Now that we had some stiffer-than-stock spring rates, we wanted to compensate for some of the odd toe steer that Honda designed into the stock suspension. Although the NSX is, by design, meant for performance and already uses hard rubber bushings, we decided to take some of the rubber slop out of critical links that affect toe change. Shad Huntley of what was once Comptech, and now owner of his own shop Driving Ambition, supplied us with a Comptech rear non-compliance toe link, bushing and front suspension clamp. Both the rear toe link and the bushings replace the stock hardware with mono-ball type joints as these two components have the biggest affect on rear-wheel toe change. By changing out the stock hardware and eliminating excessive toe steer in the rear, we can also dial out a lot of the static toe-in from the stock alignment, which will reduce the excessive tire wear that NSXs are known for.
On the front suspension, we also had to address one of the quirky designs that Honda engineers came up with. To prevent bumpsteer in the front suspension, Honda implemented what it called a compliance pivot on the front suspension, which in essence gives the front suspension even more slop to avoid toe change. It sounded like a roundabout way to get around bumpsteer instead of just increasing the spring rate. But now that we have a slightly higher spring rate, we decided to inhibit the compliance pivot by installing a non-compliance clamp from Driving Ambition. Now our suspension acts like how a double A-arm suspension should.
Last of all are the braces. We threw out the OEM steel rear strut tower brace for a larger Carbing aluminum brace that bolts to all three of the shock tower bolts instead of just two. In the front, we added a set of NSX R aluminum braces from ScienceofSpeed. And underneath, the stock antiroll bars are now replaced with Dali Racing adjustable bars for final roll stiffness tuning.
Next time, we’ll finish off our NSX project with some transmission work and find more speed with the same power.
At the track, our chassis setup work paid off. On the Figure 8 test, the NSX broke into the high 24-second range of lap times and pulled off an average of 1 lateral g. Not bad for very streetable Advan Neova tires. The only other time we’ve achieved 24-second lap times was in a hopped-up EVO 9 on race tires. While the NSX can pull off the numbers, it’s by no means easy to drive like an EVO or STi. Going fast through the corners means having the mid-engine car finely balanced in an inertial slide with neutral steering and very delicate throttle input. Too little and the car loses momentum and begins to push like all mid-engine cars do when they’re unhappy. Too much gas and the tail end will come around faster than you can catch it with the manual steering, resulting in a series of tank-slappers that you never want to experience as the owner of one of these cars. With more practice or under more skilled hands (our test driver just doesn’t fit inside an NSX), we could have easily matched our 24.5-second record Figure 8 lap time.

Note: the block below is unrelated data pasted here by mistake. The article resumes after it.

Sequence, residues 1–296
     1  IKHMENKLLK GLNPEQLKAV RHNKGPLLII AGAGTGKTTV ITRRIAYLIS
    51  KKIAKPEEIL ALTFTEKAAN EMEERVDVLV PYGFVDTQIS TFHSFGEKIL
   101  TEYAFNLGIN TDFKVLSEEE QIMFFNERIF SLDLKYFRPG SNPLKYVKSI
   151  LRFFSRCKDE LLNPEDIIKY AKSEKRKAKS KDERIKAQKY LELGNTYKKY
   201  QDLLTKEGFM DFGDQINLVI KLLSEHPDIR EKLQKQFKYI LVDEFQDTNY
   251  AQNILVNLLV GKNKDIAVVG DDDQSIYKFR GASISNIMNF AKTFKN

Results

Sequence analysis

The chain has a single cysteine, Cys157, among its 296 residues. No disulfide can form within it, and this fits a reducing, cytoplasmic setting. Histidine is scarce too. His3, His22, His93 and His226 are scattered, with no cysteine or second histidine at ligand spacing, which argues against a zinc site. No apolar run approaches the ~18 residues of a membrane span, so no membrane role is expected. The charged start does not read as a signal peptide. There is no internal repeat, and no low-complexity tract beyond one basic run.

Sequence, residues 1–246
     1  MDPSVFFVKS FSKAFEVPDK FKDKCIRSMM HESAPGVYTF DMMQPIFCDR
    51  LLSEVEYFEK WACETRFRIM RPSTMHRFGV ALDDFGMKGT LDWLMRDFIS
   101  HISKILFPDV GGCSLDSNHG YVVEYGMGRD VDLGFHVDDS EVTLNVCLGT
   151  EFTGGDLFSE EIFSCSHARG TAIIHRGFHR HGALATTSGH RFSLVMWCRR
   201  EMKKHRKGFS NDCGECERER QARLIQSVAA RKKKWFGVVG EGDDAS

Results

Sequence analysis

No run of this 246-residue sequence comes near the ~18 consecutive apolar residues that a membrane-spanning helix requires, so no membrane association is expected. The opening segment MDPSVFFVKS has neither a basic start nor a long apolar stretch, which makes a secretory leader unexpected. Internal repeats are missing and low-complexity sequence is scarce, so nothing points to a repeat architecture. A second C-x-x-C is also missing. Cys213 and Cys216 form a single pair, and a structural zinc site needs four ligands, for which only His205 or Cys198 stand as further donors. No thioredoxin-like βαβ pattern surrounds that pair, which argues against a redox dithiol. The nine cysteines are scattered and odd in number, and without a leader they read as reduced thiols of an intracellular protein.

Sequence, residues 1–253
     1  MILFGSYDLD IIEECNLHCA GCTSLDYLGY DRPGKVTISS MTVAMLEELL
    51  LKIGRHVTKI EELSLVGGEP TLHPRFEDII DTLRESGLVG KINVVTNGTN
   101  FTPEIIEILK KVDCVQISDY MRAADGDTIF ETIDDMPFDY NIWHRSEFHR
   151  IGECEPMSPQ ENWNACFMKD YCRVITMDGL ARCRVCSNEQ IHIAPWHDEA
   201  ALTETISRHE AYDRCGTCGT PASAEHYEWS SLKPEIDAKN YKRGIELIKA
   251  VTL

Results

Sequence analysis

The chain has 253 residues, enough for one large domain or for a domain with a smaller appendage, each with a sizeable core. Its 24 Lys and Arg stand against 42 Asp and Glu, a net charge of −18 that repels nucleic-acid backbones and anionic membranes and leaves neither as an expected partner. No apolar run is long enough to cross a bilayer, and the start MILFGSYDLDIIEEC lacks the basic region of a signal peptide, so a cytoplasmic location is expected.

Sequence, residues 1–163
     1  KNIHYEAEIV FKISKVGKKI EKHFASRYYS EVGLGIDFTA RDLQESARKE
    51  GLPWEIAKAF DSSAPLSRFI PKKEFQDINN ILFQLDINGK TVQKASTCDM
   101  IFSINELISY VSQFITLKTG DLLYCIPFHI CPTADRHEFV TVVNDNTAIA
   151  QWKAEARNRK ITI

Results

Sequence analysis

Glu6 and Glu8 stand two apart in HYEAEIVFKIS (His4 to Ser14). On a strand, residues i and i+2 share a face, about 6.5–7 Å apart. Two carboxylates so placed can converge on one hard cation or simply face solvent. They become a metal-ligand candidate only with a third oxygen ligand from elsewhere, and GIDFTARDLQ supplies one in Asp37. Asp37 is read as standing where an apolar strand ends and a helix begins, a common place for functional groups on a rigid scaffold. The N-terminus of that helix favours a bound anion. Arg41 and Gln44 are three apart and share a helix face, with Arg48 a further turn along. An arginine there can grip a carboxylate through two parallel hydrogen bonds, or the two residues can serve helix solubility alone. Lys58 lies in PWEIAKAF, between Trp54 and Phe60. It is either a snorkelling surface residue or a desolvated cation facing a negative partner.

Going Faster For Free
How Real Racers Align A Car
There’s one major difference between tuner cars and true race cars; what makes them faster on track is the setup and testing. Ironically, the setup portion is something that can be done almost for free by just about anyone. Instead of sending our NSX off to some fancy and expensive alignment shop, we decided to spend a long evening with Dan Garder and John McNulty from Scion’s defending national champion, factory-backed road racing team to get a real race-quality alignment.
Any real racer will frown on putting their cars on a fancy modern alignment rack. Instead, they use a simple setup of strings, plumb-bobs, a camber gauge (which can cost less than some four-wheel alignments) and a machinist’s ruler to get an alignment that’s far superior (even NASCAR still does this). After setting the car’s ride height with the driver’s weight in the car (since there’s no point of corner-balancing a street car), we set the front and rear camber with a camber gauge. You can actually set the camber with the car in the air by taking the difference of the static camber on the ground and the car in the air. Using the rotors as a relative camber reference to the wheels also lets you take the wheels off to set the camber. Dan and John then strung up a pair of strings on each side of the car exactly parallel to the center line and equidistant from front and rear wheel centers. We used a hanger rig, but you can copy the same technique using strings tied to jackstands. By measuring the difference in distance from the front and rear of the rim to the string, you can establish exact toe measurements down to even a 32th of an inch. This method also lets you get a perfect toe alignment with the steering wheel dead center. The best part is that you’re the person doing the alignment, so there’s no limit to the level of anal retention you put into your own car, you just need a lot of time.